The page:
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How to Make a Ceramic Pot at Home

Do you know that you can easily make a ceramic pot at home?

It’s surprisingly easy to make beautiful masterpieces no matter which technique you prefer!

So, Let’s get our hands dirty and create a masterpiece out of ceramic.

Equipment

While making any pot, a lump of clay is the basic requirement. Besides that, there is some more equipment needed to make a ceramic pot.

List of things to make a ceramic pot,

Clay
Pottery wheel
Kiln
Tools for carving
Dish 
Glaze
Paint
Sharp knife
Needle
Rolling pin

Carving tools are optional you can use your hands to give your ceramic pot a detailed look. Also, you can use wood tools too. 

You can get wood tools set online or from any local shop.

Hand building a Dish

1. Choose the type of clay for your pot

For a hand-built pot, standard clay is the best. Use standard clay that is fired in a kiln. 

The next step is to select the color, while selecting color choose natural colors, such as gray or brown. 

Tip: Purchase a lump of clay in small amounts at first to ensure that it suits your needs.

In case you don’t have access to a kiln or you are using clay for the first time, consider air-dry, oven-baked, or polymer clay, you can also make the ceramic pot out of this.

2. Take out a small piece of clay to work

Take a small dish, such as a ring dish or a small plate, and roll the piece of clay into a walnut-sized ball. 

In case of a larger dish like a dinner plate or salad dish, start with a baseball-sized ball.

The point to remember in this step is that you can always remove excess clay but it would be difficult to add more clay once you have shaped your piece of clay.

Cutting Clay with wire

If you are using a piece from a big block of clay then it may be helpful to use a strand of wire to cut off a piece of clay to work.

3. Knead the clay to make it soft and roll it out 0.64cm (one-fourth) thick

Kneading Clay 

Press your thumb into the clay to warm it up. And to soften the clay, pinch and pull on the material.

Try to make clay as soft and pliable as possible. After that, gently shape the soft clay back into a ball and use a rolling pin to flatten the clay into a sheet.

Roll it out to make it one-fourth thick. You can also make the clay as thin as one-eighth (0.32cm) thick. But if the clay is too thin, it will become hard to work on that.

4. Pinch and shape the clay to give it the desired look

Using a pointed knife or any cutting tool gently cut the sheet of clay into your desired shape. Some of the ideal shapes are circular, square, or abstract shapes. Now, use your hands to smoothen the corners and edges.

If you are facing trouble smoothing the edges of your piece of clay, dip your fingers into a glass of water and run them along the clay to give it a smooth finish look.

5. If you are going to use a kiln, remove air bubbles to prevent cracking

While working on the clay, feel the areas where there may be air trapped inside the clay. Gently with the help of a needle poke the spot and release the trapped air.

After that, smooth that area with your fingers and use a little bit of water before allowing the clay to dry.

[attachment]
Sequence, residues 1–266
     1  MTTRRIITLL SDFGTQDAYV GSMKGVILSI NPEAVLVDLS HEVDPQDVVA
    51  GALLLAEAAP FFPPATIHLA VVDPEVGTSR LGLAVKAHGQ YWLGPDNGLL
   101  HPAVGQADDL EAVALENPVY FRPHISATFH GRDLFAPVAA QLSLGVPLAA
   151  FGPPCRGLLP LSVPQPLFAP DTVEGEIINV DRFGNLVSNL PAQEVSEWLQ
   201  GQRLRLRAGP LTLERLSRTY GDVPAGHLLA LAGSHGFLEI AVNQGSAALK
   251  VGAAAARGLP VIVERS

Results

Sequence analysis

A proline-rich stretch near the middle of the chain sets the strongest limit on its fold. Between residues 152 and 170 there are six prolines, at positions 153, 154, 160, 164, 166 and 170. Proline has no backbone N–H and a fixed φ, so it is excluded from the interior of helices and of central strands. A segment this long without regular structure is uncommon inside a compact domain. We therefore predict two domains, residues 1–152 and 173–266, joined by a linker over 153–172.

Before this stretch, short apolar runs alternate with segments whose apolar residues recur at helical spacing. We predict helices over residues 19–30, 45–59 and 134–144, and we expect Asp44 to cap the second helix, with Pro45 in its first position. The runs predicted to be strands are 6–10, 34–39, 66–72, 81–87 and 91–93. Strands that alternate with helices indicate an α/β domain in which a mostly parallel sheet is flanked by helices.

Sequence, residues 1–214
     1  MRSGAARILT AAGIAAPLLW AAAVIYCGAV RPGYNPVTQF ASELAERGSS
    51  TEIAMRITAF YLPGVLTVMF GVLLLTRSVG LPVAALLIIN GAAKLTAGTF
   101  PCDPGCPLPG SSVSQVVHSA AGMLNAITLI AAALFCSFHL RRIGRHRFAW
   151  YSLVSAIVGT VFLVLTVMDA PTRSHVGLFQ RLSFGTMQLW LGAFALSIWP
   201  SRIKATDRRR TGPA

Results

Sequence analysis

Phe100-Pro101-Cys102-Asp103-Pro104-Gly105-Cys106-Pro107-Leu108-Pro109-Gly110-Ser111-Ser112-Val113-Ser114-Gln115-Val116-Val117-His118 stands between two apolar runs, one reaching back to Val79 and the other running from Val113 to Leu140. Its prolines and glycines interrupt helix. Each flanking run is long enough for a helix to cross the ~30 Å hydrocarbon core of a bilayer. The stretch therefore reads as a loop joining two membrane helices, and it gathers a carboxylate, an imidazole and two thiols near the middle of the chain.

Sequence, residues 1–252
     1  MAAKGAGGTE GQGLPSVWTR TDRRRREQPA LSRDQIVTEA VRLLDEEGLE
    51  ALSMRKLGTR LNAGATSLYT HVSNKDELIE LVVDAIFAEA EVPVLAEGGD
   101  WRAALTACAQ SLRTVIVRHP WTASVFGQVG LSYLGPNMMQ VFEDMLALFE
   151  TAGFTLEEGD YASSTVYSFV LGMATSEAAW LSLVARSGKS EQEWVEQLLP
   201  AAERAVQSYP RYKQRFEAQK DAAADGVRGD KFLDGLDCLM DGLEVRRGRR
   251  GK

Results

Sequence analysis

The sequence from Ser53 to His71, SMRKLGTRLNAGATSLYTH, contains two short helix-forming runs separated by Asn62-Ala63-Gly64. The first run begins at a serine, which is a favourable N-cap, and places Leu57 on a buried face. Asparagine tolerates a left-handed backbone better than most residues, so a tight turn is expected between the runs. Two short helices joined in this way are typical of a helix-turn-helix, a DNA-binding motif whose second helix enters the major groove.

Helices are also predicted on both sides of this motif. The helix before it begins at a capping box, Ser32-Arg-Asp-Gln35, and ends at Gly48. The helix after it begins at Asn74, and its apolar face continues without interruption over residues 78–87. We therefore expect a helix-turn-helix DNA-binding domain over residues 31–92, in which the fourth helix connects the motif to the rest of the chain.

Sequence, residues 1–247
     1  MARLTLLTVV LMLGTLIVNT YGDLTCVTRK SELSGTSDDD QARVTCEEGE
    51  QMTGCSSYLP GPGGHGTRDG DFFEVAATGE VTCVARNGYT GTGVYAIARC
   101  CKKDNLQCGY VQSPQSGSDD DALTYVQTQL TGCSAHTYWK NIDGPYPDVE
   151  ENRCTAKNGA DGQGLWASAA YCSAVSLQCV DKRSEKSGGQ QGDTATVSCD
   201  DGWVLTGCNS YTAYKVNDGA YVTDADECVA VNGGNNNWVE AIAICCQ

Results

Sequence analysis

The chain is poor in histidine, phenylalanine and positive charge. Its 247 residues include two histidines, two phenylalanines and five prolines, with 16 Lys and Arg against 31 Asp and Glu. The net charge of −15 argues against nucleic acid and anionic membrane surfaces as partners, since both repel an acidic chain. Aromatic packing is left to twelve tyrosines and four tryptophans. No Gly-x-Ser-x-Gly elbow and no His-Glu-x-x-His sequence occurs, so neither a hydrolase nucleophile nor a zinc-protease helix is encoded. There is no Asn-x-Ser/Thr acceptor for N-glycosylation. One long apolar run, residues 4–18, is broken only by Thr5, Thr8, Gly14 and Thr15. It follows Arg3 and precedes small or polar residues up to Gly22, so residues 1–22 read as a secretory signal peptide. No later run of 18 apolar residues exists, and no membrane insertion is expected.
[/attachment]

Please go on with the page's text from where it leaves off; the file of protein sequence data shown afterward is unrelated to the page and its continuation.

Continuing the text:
It is important to remove the air bubbles before firing and glazing because it can easily cause the pottery to crack or even explode in the kiln.

Using a Pottery Wheel

1. Select a pottery wheel

Electrical Pottery wheel

Choose a pottery wheel and 2Ibs (907g) of clay to make a ceramic pot. Select a standard wet clay with natural color. Also, if you are making the pot for the first time use an electric pottery wheel, because they are easier to use and control.

If you are working on a large block of clay, break it and weigh your clay before working on it. This is the standard practice, to begin with, because working with too much clay can be difficult for a beginner.

Once you get experienced in using the pottery wheel, you can use more amount of clay to build larger pots.

Also, make sure to read the package instruction before working with the clay. Because specific brands may have different requirements for drying and firing clay.

2. Knead and roll the clay into a large cone rounded point shape

As mentioned before, pinch, pull, and roll the clay to remove the air bubble to prevent cracking. Then, use your hands and form a smooth cone shape, press it down to the point of the cone to make it more rounded. This will give a firm, thick base to your pot.

3. Place the clay on the wheel with a downward- tip

While placing the clay on the pottery wheel make sure the wheel is off and completely dry. Place the clay cone such that the rounded point is directly over the center of the wheel. And press it down firmly to hold it in a place.

If your clay is soft enough, then it would be easy to yield clay under the pressure.

In case, the clay is not firmly planted on the pottery wheel, it can slip and slide around while shaping.

If clay seems hard, continue to knead it until it is soft and pliable.

4. Slowly turn the wheel and tap the clay with dry hands

Firstly, set the wheel to a low setting and use your hands to smooth and center the clay over the middle of the wheel. This will make the piece symmetrical over the base.

Now, monitor how clay moves while repositioning your hands and make sure there are no bumps in the clay.

Also, do not set the wheel in a higher setting before wetting the clay, it can cause rough dents in the clay.

5. Place wet hands on the clay

Dip your hands into the water and place them on the clay. Make the outside part of the clay smooth and get a feel for the shape and weight of the clay.

When you are ready, to begin with, the clay, push it forward with the palms of your hands, this is called a plow forward.

Keep a bowl or bucket of water near you while working with the clay on the wheel. Because dry clay can become rough and would make it difficult for you to shape the clay.

6. Increase the speed and use your hand to shape the clay

After plowing forward, set the wheel on high setting. Pull the clay upward to give it a vase or bowl shape. If you want to create plates, press outward.

Tip: While working on the pottery wheel, tuck your elbow near your body and use your hand to steady the clay. 

Each piece of pottery is unique so there is no right method to make a pot.

Coning method